Pride Flags in Video Games Aren’t Enough to Show Queer History

It's not enough to just include queer symbols; they need to be part of the world.

The Pride flag is more than a piece of cloth. It’s a symbol of identity, of rebellion, and a tribute to the activists who fought so hard for LGBTQ+ people to be able to openly show their Pride today. You can find the flag on pins, wristbands, or draped over the shoulders of a young queer person embracing their identity. During Pride Month, you’ll also find it on Coca-Cola cans, mouthwash, and on the Twitter logo of almost every major brand. That’s the problem with the flag’s current iconic status: it’s so recognizable that it can be instantly stripped of its meaning, voice, and history, to be slapped on soda cans. It belongs to the LGBTQ+ community, but not in any legal sense, so corporations are free to use it as a convenient fashion statement during Pride month. Then it’s just as easily discarded for the rest of the year. Now video games are getting in on the act.

We’re seeing an increased presence of Pride flags in video games, but not the kind you see around someone’s shoulders at their first march; it’s the Coke can Pride flag. Games as individual works aren’t necessarily as cynical as the corporations who often make them — though that’s part of it — but they are inspired by the Twitter logo allies. They only know the colors, the stripes, and the vague idea that “this flag = gay.”

They look at the flag and see a piece of cloth.

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The Last Of Us Part II offers a strong example of this. Ellie, the game’s first lead, is a lesbian. Bisexual and transgender characters also feature prominently. While the game’s presentation of these queer identities is not perfect, it does center queerness more than most games. Unfortunately, it often does so through a cishet, voyeuristic lens. The best example being when Ellie and her girlfriend Dina stumble across the Pride flag in an abandoned, queer bookstore in post-apocalyptic Seattle.

Ellie and Dina don’t recognize the flags in the store. Dina even inquires “What’s with all the rainbows?” At first it’s a nice glimpse of a world without labels. Except Dina is also hatefully called a dyke early on — something implied at the start and demonstrated with ferocity in the epilogue. So this is a world where homophobia clearly still exists. Terms like “dyke” still exist. People remember Pearl Jam and Jurassic Park, but the rainbow flag has been erased from existence? In 2039, when the game is set, I’ll be 46; it’s ridiculous to think that the queer community will entirely disappear in any recognizable form, especially not in large, diverse communities which still have access to even less ubiquitous movies, literature, music, and porn. It’s cute to see Ellie and Dina so free, thumbing through queer literature from the first time in their lives, especially when Dina holds up a lesbian novella and jokes “It’s us.” At the same time, it’s a scene in a vacuum. With context, it steals away queer identities, history, iconography, and pride, all while specifically centering homophobia as a storytelling device instead.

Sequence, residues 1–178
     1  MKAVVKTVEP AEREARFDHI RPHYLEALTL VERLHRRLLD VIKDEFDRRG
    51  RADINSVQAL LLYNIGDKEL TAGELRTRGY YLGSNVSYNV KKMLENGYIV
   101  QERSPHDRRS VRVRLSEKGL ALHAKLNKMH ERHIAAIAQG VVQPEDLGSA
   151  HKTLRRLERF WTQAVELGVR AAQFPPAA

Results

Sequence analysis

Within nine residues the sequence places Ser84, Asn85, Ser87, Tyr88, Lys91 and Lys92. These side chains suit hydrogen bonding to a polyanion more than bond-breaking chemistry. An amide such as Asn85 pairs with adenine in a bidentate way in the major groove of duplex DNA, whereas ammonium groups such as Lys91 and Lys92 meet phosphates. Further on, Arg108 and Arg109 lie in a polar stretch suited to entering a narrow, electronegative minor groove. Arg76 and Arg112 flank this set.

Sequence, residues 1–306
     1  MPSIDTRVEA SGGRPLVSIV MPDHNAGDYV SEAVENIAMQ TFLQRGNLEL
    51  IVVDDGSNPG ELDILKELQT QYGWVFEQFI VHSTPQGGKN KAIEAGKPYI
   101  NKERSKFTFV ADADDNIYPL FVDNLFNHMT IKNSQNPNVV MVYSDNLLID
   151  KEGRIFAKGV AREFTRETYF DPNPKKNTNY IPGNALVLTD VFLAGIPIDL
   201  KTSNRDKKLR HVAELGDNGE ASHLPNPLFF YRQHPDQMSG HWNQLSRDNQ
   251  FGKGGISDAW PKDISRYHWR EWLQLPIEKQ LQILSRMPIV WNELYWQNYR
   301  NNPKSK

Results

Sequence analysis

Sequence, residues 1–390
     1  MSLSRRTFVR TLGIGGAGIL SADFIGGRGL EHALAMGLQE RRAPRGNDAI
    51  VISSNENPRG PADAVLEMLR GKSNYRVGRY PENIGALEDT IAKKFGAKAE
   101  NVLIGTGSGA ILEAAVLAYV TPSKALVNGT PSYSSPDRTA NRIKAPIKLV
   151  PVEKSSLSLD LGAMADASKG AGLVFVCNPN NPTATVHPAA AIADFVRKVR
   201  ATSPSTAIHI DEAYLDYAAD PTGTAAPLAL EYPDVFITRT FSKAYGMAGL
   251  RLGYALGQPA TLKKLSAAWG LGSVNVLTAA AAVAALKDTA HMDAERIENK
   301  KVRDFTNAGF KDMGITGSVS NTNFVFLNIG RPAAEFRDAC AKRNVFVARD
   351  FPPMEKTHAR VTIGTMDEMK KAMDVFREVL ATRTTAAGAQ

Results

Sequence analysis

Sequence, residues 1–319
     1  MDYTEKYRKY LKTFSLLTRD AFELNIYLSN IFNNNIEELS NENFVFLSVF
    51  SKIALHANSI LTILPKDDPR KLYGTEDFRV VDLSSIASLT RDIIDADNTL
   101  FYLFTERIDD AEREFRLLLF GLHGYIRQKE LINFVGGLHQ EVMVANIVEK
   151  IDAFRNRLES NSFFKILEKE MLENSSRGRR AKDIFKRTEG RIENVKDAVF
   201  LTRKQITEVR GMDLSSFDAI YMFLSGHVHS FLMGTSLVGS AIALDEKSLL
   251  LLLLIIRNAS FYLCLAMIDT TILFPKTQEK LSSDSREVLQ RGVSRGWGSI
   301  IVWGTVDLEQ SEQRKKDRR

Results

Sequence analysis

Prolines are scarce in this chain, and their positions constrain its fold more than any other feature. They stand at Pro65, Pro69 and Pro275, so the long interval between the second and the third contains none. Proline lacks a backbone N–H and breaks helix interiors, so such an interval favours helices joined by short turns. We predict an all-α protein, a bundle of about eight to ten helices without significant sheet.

The Last Of Us Part II is not alone in giving the Pride flag prominent screen time while stripping away its essence. Cyberpunk 2077 features a transgender character, Claire, who has a trans flag decal on her truck. Claire is voiced by a trans woman, discusses her transition in realistic ways, and is generally a bright spot in the game’s representation of queer people. However, like The Last Of Us bookshop scene, she’s let down by the world around her.